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Pilot Briefing: 2015 Sweepstakes

‘As good as it gets’

The “Reimagined” AOPA 2015 Sweepstakes 152 was built on an overly optimistic forecast.

Cessna 152 origins


By Dave Hirschman

The “Reimagined” AOPA 2015 Sweepstakes 152 was built on an overly optimistic forecast. At the end of World War II, aviation analysts predicted a massive general aviation boom that would keep aircraft manufacturers busy for decades. In addition to two cars in every garage, they anticipated an airplane at every hangar and tie-down.

Cessna raced to meet the predicted demand with its two-seat Model 140 and stripped-down Model 120, and pumped out 6,000 of the side-by-side tailwheel airplanes from 1946 through 1948. The company replaced the fabric-covered, constant-chord wings on those models with a new, all-aluminum wing and increased the maximum gross weight 50 pounds (to 1,500 pounds) in the 140A.

The 140A wing had taper outboard of the wing strut attachment, and a single strut that met the main spar instead of the V-strut that had connected to the front and rear spars of the 140 and 120. Cessna built 525 140As between 1949 and 1951—and the 140A wing should look familiar, because its shape and airfoil are identical to the trainers that would follow.

The flight training market was growing in the late 1950s when Cessna launched its Model 150. This updated version had a tricycle (not tailwheel) landing gear; rectangular (not round) tail surfaces, and a 100-horsepower Continental engine (instead of 85- or 90-horsepower versions). The hinged flap also was replaced with a larger slotted flap that could droop a full 40 degrees.

But there was some disagreement about what to call the airplane. “The 170 became the 172 and the 180 became the 182 when they went to tricycle landing gear,” said Joe Latas, who retired from Cessna 12 years ago after 50 years as an engineer and chief aerodynamicist. “We called the new model the 152 at first. But then it got changed somehow to the 150.”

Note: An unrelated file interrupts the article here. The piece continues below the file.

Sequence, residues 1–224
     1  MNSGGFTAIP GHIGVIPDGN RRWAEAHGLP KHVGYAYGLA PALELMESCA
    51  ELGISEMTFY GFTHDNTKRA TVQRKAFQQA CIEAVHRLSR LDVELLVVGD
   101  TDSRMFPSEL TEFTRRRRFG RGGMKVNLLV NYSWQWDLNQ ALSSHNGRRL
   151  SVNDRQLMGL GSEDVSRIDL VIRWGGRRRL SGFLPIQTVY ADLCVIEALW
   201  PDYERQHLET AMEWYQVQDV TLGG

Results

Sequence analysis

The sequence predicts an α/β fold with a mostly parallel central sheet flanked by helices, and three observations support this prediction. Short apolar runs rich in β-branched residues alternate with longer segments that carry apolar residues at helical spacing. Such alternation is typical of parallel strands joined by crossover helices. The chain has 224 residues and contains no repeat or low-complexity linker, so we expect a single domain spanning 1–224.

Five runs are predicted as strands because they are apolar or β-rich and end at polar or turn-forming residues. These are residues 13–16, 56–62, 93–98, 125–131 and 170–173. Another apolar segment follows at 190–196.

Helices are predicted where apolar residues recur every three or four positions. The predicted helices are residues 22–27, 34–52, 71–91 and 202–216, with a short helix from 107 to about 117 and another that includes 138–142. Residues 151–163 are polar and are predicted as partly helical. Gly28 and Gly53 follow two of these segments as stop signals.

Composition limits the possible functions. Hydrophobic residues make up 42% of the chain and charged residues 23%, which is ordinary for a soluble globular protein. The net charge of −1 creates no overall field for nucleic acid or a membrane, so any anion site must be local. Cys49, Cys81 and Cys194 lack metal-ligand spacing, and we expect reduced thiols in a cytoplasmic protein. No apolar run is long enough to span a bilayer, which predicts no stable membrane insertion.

Except for some rib thickness changes and spar beef-up, the wing and strut used on the 1959 Model 150 (Model 140A wing modified to accept the large slotted flap) was also used on the 1978 Model 152. In the mid-1960s with the 150D there was a 100-pound gross weight increase, and in 1966 the straight vertical tail was swept aft for styling considerations.

The real Model 152 was introduced in 1978 with the main difference being a more powerful (110 horsepower) Lycoming O-235-L2C engine. The flaps were limited to 30 degrees, and the gross weight went up 70 pounds to 1,670.

1978, the year N152UC was built, turned out to be the high watermark for general aviation aircraft deliveries, with nearly 18,000 new airframes added to the fleet. The 152 faced competition in the training market from Piper with its Tomahawk and Beech with its Skipper, but the 152 sold particularly well against them because of Cessna’s powerful dealer network.

“If you were a Cessna dealer, you were required to take delivery of new airplanes whether you had sold them or not,” said Scott Bengston, a former Cessna employee and author of several articles about the development of Cessna aircraft. “The dealers would blow out the 150s and 152s at low prices just to get them off the books. As a result, there were many more 152s built than the market really demanded. The Cessna distribution system created a lot of sales for these airplanes.”

Bengston said the 152 was extraordinarily successful in the punishing flight training environment because it was economical, durable, and its flight characteristics prepared students well for heavier, more complex aircraft. “Learning in a 150 or 152 gave students the skills they needed to fly every other airplane Cessna built,” he said. “They could go on to a 182 or a 210 with no surprises.”

That’s partly due to the fact that so many high-wing Cessnas use the same shape for their outer wing panels.

Cessna had produced 7,584 of its 152s by 1985, when it shut down its entire piston line. And although the 172 has always been used for training, the company officially reentered the training market in 2009 with the Cessna 162 Skycatcher, a Light Sport aircraft. The move disappointed some 152 enthusiasts, who had wanted Cessna to put its proven 152 trainer back in production—even though it was slightly too heavy to meet the LSA weight limit.